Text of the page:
HPS Promotes Literacy with Read for the Record Event
On November 7, Hartford Public Schools joined with United Way, volunteers, and partners from across the city to celebrate reading. Jumpstart Read for the Record is an annual event that highlights the importance of early literacy in student success. It brings adults into the classroom with students to spend some focused time reading together.
At Burns Latino Studies Academy, dozens of volunteer readers joined Principal Victor Cristofaro, Superintendent Leslie Torres-Rodriguez, United Way of Central and Northeastern Connecticut President and CEO Paula Gilberto, and other partners to kick off the morning event.
Cristofaro marveled at the willingness of adults to take time out of their day to read to students. “I don’t want you to underestimate how much this really means to us, how much this means to our students,” he said. “We all know how important reading is, how important it is to read at grade level, what the implications are for success for students reading at grade level. The way that we make this happen is to spark an interest; turn on that light to make them want to read on their own.”
Superintendent Torres-Rodriguez echoed that sentiment. “When we think about Read for the Record, for us at Hartford Public Schools, that is one way we, along with our partners, highlight the importance of making sure we are building early literacy, especially for our early learners. And we’re supporting one of our major goals, which is making sure to continue to increase the number of students that are reading at grade level.”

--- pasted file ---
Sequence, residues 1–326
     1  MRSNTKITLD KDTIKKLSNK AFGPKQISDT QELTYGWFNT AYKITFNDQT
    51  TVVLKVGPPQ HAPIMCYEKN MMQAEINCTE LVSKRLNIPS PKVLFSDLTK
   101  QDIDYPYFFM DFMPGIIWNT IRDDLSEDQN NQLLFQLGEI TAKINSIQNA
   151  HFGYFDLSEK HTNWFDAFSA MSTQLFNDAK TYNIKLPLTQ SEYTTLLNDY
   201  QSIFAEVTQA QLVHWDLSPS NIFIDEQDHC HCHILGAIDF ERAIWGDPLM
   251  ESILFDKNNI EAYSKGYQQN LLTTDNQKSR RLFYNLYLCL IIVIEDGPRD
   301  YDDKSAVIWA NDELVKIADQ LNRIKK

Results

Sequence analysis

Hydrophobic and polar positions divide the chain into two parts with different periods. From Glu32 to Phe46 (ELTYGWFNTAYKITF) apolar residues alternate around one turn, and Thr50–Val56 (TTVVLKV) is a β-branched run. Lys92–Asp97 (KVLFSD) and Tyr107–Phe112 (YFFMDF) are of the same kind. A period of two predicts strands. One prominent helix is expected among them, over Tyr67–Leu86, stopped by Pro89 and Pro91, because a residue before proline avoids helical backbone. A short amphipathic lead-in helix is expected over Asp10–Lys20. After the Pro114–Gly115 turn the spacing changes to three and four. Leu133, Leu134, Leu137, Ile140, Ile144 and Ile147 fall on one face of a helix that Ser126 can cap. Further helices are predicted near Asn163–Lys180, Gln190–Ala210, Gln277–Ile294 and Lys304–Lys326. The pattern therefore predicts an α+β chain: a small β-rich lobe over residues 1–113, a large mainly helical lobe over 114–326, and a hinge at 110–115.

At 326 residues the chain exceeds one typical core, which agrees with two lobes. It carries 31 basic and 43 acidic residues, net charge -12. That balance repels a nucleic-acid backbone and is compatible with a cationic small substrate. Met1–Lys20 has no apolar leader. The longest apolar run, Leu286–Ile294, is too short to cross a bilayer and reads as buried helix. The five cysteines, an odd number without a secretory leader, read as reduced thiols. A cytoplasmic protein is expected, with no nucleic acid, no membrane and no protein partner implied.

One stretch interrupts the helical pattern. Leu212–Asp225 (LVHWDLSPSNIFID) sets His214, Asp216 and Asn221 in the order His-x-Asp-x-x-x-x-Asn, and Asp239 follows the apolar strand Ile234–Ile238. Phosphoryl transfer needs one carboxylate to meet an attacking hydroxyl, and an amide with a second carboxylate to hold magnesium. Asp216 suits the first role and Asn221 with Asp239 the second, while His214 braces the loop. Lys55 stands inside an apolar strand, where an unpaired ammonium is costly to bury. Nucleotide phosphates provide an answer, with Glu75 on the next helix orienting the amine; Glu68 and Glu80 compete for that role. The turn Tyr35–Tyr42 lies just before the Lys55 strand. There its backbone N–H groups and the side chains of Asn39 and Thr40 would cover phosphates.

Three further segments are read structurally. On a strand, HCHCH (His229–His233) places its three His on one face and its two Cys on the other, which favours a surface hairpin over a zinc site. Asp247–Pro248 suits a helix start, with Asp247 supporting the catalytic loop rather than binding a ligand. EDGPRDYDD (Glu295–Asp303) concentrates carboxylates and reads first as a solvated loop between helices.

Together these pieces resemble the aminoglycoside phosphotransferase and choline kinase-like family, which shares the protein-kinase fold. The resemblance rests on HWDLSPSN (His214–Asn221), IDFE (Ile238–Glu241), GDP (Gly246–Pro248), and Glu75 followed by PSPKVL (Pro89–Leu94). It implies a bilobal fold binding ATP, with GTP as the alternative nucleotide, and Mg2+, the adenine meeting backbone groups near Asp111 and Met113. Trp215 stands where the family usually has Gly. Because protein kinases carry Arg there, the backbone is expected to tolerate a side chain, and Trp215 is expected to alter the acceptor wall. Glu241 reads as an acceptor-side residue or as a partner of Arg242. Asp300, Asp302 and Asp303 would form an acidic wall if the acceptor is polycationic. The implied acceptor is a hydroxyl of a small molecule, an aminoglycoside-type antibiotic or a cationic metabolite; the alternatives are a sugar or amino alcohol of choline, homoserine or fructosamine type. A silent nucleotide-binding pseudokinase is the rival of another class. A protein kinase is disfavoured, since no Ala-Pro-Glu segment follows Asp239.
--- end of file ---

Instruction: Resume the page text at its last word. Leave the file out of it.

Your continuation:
Reading at grade level, especially by third grade, is a critical indicator of student success, she explained. Research shows that when students fall behind, they risk never catching up and they are less likely to graduate.
Mayor Luke Bronin also came to the event to lend his support, making it a truly citywide effort. After opening remarks, volunteers traveled to different schools in the district to read to third-grade classrooms. The book they all shared was “Thank You, Omu!” by Oge Mora, which tells the story of a generous elderly women who makes a fantastic pot of thick red stew. It is a book about how giving breeds gratitude, generosity, and kindness.
While volunteer readers spread out far and wide throughout the district, the Superintendent read in both English and Spanish to Ms. Williams 3rd grade students at Burns, who welcomed her with special signs, a thank you card, and essays they wrote about her work and life.
|Enjoy the video of Dr. Torres-Rodriguez’s lively, interactive, and dual-language reading session with Ms. Williams’ third grade class!||Watch the Kick-off event with student performance!|
Loved reading to students at Parkville Community School this morning! “Thank You, Omu” is about the power of giving and these kids warmed my heart talking about what kindness means to them. You’re looking at the future leaders of our state right here! #ReadForTheRecord #UnitedWay pic.twitter.com/rZCmxw89mM
— Taylor Kinzler (@Taylor_Kinzler) November 7, 2019